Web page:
Caldwell County Schools ask county for additional $339,000, but may only get $50,000
The Caldwell County Schools have requested an increase of $339,000 from the Caldwell County Board of Commissioners for their 2013-14 budget, but they’ll get only $50,000 of it if the county manager’s recommended budget passes.
Of that requested amount, $239,000 would be a recurring addition to its budget allocation from the county, which the schools would spend on new custodial positions and on salary and benefits for locally paid employees. That would amount to a 2 percent increase, to $14.74 million from the $14.4 million the school system received from the county in 2012-13.
The school system is also making a one-time request for $100,000 for the Patterson Science Center -- $50,000 for renovations and $50,000 for programming and travel.
County Manager Stan Kiser’s proposed budget calls for a $50,000 increase for the school system, and no allocation for the science center.
About $140,000 of the $239,000 requested would be used to add four custodial positions. As state funds have shrunk, custodial positions have been left vacant -- and schools across the county are starting to see the effects.
"We are really, really beginning to see some more wear and tear on the buildings, and we don't have the staff to maintain them in the way we are accustomed to, or as the public expects," Stone said.
That "wear and tear" can mean buildings aren't as clean as they once were -- and that other employees are pitching in to complete custodial tasks, Assistant Superintendent for Auxiliary Services Jeff Church said. At several schools, the school system sends members of its maintenance crew to cut grass. At others, teachers help with smaller tasks, like bagging garbage.
The Caldwell County Schools currently employ 64 full- and part-time custodians. Together, they are responsible for nearly 2 million square feet of property, Church said -- and attempting to keep up with that square footage without a full staff can be difficult.
"We can tell a difference in some of our facilities, in the cleanliness," Church said. "That's not to say that folks aren't doing their jobs, but that there's a lot of square footage to clean, and the staff's not there to do it like it was done previously. Our staff works hard -- under the circumstances, they're doing a very good job."
The school needs the rest (around $99,000) of the $239,000 to help pay employees, Stone said. Of the school system’s 1,800 employees, 169 are paid through local funds (not federal, state or enterprise).
In 2013-14, the school system will face higher employer contributions for insurance and retirement.
The Caldwell County Schools will also be affected by raises (if there are any) provided for state employees. Gov. Pat McCrory’s proposed a 1 percent raise, and legislators are still hashing out their proposals.
If the state’s final budget provides a raise, local school districts will need to match it for their locally paid employees, who are still state employees. There are 169 in the Caldwell County Schools.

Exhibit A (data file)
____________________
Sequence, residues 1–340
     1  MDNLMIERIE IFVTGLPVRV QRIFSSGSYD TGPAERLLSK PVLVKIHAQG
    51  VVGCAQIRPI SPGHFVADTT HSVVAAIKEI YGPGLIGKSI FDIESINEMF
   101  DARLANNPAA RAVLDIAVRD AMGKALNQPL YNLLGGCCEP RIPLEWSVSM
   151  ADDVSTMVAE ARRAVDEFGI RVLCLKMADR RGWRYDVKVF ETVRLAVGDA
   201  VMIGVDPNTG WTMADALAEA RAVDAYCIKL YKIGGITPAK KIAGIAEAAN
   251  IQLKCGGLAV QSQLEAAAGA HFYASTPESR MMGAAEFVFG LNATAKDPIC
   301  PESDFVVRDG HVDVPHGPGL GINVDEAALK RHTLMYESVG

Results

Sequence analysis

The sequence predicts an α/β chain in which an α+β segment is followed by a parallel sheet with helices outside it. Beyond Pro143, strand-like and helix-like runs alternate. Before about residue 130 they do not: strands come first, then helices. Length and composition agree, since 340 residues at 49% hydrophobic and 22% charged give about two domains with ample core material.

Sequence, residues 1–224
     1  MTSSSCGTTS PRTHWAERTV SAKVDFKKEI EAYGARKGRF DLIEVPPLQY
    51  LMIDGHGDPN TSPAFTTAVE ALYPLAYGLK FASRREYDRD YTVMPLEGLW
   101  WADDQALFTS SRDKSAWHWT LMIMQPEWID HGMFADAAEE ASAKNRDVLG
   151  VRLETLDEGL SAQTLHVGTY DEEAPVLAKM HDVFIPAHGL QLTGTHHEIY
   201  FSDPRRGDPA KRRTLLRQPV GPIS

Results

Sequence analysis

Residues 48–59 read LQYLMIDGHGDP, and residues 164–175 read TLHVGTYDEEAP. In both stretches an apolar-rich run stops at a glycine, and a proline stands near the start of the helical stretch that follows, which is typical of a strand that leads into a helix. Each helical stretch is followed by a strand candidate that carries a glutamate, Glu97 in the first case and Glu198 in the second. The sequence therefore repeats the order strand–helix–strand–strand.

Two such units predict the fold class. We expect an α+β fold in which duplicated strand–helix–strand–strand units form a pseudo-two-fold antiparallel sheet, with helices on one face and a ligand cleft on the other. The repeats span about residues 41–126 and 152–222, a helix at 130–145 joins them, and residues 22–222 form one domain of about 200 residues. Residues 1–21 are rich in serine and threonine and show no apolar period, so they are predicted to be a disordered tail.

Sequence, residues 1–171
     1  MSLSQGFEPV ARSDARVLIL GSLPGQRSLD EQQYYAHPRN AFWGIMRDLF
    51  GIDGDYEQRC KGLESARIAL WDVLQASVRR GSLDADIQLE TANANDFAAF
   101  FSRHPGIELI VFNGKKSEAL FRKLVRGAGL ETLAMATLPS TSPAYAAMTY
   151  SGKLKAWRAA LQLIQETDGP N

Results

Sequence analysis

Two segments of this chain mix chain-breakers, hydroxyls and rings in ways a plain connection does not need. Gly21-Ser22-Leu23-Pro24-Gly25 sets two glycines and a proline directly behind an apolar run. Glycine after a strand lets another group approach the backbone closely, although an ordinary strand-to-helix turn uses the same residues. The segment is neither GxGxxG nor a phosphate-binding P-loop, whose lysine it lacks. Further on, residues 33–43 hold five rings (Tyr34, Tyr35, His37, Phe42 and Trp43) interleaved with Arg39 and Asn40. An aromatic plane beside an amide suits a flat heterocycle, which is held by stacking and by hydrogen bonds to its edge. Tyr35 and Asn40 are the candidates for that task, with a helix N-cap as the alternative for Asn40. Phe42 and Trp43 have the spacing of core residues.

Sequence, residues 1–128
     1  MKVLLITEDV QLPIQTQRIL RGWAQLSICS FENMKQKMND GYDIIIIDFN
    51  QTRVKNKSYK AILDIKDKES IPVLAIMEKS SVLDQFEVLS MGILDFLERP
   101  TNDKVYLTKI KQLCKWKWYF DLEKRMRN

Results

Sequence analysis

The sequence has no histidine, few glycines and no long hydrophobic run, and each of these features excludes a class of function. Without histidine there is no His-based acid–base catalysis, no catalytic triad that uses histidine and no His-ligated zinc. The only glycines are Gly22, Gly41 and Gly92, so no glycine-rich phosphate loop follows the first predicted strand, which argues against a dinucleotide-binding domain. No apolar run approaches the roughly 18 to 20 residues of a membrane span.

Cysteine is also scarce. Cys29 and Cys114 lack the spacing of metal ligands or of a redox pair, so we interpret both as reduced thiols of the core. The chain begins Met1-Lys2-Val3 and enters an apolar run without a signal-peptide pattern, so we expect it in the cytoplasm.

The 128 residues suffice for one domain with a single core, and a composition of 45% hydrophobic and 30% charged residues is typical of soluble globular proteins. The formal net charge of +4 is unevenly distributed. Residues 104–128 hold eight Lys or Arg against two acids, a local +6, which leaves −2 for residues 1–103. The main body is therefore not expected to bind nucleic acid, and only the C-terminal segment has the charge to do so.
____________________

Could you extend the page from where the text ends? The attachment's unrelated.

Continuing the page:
The school system also hopes to grow the Patterson Science Center in 2013-14, charging a fee to schools and individuals who come from other counties to use it. Stone presented that as an economic driver for the county when he made his funding request, saying people who came to the county to visit the science center would also eat in its restaurants and shop in its stores.
Kiser said the full request is beyond the county’s reach for 2013-14. When the economy was better, it was easier to grant higher increases to the school system, he said.
The county has offered some level of increase to the school system since at least 2004, said Karla Miller, finance officer for Caldwell County Schools.
In 2006, the Caldwell County Schools received a $310,000 increase from the county. In 2009, the increase was down to $200,000. Since 2010, the increases have held at $50,000.
“As the economy got worse, some counties held school systems even,” Kiser said. “But we have tried for the last several years to give them some amount of increase every year.”
Stone said he believes the school system needs the $239,000 increase and the funds for the science center, but he’s grateful for the continuing increases offered by the commissioners.
“Caldwell County has been very good to its public schools,” he said.
Whether or not the schools receive the full requested increase, increases in employee salaries and benefits will still have to be funded. The school system also hopes to add custodial positions even if they don’t receive the full $239,000.
They’d draw from their local fund balance for both, Stone said. For the Patterson Science Center, they’d seek grant funding.
The county budget is scheduled for a public hearing at the next commissioners’ meeting on June 17, and may pass that night. The county is required to adopt its 2013-14 budget by July 1.